Women who LOVE to RUN workshop blog
As most people know, I’m a keen trail runner. Sometimes I run and race short distances, but sometimes I like entering trail running events in the mountains that take 2 days to complete.
I’m probably one of the few people that you will ever meet who says they actually ENJOY running up hills. My main sport of mountain biking over the last 15 years has given me enormously powerful leg muscles which makes going up hill a lot easier.
Doing sport, whether a little bit, or a lot of it – places demands on our bodies. Long ago I felt constantly injured – I would seek a number of different therapies to try and ‘fix’ me. I hated getting lots of different answers to the same problem – but this only fuelled me to go on a journey of seeking out to learn more about how we as humans move, and ultimately what led to my obsession in human movement biomechanics.
Our gait cycle is the one fundamental movement pattern that all humans share. I became a Master Run Coach with the London Running School so I could learn how to assess running and know how to help people ‘improve’ their running. This was great, but still, this did not give me the answers I was looking for. There had to be more to learn.
Then I discovered a guy called Gary Ward, Author of What the Foot, and who was famously seen on BBC’s Dr in the House last year. I met Gary 5 years ago after reading his book – I had a 2 hour session with him in London. And from that moment, my life changed. Finally I could see what I was missing. I found not only what movement was missing in my own body (he helped solve my 8 year shoulder problem by getting my right ankle moving), but also what I was missing when helping my clients.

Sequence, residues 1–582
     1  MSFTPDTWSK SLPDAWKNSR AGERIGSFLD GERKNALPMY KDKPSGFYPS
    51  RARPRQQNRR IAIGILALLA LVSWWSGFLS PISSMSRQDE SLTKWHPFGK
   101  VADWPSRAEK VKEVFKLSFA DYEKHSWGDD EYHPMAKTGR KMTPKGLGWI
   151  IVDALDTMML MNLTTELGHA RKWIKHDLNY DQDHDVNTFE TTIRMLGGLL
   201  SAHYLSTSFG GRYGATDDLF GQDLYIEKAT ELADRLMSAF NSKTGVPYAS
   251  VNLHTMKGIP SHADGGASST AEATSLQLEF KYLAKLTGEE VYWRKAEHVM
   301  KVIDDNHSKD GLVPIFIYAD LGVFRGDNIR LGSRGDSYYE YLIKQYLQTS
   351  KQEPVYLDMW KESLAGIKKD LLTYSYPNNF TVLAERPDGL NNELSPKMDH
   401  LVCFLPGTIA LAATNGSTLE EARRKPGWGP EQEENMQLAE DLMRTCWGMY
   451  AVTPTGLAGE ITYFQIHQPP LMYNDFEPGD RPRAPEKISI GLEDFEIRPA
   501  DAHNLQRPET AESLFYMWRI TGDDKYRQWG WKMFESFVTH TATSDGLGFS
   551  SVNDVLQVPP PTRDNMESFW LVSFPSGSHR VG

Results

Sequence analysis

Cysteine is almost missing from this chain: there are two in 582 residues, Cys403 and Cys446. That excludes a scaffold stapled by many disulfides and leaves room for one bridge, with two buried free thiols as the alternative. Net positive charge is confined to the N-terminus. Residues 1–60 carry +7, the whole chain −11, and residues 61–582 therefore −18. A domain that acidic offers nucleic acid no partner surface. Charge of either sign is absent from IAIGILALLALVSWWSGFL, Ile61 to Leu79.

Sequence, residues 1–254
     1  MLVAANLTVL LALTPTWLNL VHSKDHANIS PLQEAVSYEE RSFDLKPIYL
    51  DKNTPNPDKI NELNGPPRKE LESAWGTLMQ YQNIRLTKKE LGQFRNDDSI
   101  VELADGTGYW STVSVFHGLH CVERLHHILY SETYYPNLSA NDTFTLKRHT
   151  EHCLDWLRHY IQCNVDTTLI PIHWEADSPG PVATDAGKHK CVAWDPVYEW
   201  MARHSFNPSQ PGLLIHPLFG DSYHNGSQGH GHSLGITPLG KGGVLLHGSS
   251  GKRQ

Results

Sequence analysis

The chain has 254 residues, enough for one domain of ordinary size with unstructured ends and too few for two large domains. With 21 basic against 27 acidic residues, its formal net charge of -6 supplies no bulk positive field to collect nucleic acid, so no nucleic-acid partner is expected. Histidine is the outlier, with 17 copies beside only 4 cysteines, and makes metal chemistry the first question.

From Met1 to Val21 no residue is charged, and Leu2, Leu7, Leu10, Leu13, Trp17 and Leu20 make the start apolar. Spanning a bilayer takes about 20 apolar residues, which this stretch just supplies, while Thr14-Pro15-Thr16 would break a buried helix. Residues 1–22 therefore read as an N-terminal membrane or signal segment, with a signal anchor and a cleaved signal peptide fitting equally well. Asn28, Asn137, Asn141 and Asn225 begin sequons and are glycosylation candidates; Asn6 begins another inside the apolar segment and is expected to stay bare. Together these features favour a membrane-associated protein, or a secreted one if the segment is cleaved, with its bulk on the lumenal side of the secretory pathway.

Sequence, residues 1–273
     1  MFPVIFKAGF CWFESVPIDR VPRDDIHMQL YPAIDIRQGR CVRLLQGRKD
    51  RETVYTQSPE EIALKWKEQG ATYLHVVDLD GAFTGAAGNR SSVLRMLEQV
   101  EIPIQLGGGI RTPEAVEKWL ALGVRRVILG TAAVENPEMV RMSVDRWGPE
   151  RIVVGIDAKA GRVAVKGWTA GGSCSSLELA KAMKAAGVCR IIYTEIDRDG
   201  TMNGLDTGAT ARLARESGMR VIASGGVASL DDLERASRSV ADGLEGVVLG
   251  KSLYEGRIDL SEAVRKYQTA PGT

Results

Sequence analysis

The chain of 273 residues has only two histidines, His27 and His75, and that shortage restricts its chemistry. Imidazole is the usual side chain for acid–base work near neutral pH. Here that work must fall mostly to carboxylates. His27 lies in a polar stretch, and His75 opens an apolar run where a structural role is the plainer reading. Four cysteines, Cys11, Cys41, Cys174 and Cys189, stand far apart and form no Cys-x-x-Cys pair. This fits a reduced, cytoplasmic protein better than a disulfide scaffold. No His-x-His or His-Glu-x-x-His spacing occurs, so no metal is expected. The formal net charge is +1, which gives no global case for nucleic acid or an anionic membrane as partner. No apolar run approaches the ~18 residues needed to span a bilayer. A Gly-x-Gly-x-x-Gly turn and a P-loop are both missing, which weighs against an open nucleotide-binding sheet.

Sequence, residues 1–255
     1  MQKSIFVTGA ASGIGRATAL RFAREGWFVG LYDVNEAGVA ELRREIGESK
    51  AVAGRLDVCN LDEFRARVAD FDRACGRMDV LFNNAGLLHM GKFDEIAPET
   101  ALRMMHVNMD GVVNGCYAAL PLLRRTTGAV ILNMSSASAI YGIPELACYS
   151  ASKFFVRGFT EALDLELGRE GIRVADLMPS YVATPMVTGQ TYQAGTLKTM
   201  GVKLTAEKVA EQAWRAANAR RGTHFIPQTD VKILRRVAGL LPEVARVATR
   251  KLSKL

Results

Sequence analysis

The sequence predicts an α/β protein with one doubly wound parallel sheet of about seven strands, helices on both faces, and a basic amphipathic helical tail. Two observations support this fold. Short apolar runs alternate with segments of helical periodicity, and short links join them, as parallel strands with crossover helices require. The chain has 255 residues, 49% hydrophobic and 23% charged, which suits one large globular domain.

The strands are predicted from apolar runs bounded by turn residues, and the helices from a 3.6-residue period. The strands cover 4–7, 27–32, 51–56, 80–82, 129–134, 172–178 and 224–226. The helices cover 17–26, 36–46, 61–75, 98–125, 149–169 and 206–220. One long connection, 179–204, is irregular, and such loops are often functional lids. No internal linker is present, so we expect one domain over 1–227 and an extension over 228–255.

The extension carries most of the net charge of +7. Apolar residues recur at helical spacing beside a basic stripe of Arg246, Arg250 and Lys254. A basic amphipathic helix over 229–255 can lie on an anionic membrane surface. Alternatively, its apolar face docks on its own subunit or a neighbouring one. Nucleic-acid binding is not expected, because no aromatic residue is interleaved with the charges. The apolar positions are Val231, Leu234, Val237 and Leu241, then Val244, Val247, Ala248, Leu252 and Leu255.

Walking comes before running. If you don’t walk well, how well do you think you will run? Or for the matter, perform any sport that involves impact and load?
Our bodies are whole – not made up of individual body parts. So many things effect our skeleton which will ultimately affect the whole system, not just the area that received the knock. How have we ended up in world of treating individual body parts? Is pain a good indicator of where the problem is in the body – hell NO!
One of my aims for the workshop was to bring this idea alive. To show how the whole body is connected – that everything effects everything. Understanding where our movement comes from and how we are designed to move with incredible efficiency helps us to realise that the magic in becoming a better runner (or any other sport) may lie in the stuff we do when we don’t run.
Its my belief, that by understanding the fundamentals of human movement, everyone can start to find where we can find more movement potential. The other day I had a really stiff lower back after 3 long mountain bike rides and long drives. I spent 10 minutes working movement through both my wrists – back pain fell away. Sound crazy? Not really – mountain biking involves gripping the bars of my bike – especially when I’m heading downhill fast – imagine how jammed up the joints in my wrists were, how that would effect the movement potential of my arms, and ultimately my spine.
Movement potential can be found in unexpected places. A good injury history and understanding of what you do repetitively will help lead you to the right places…
More movement potential, more ease for the body to move. And I’m not talking about stretching. I’m talking about full body functional movements that mimic gait so our brains light up and go – THANK YOU, now I can shift my body easier to the other leg with every 10,000 or more steps I take a day!
How can we generate more free kinetic energy from all the catapults that we have in our bodies? I think our running bodies would like that. Then you can run how you like – with freedom. Effortless, rather then effort-full.
Any feedback or questions from the weekend, feel free to send me a message. Big thanks also to Claire Treen for sharing her amazing knowledge on this workshop with me .
As always, move well. Sally x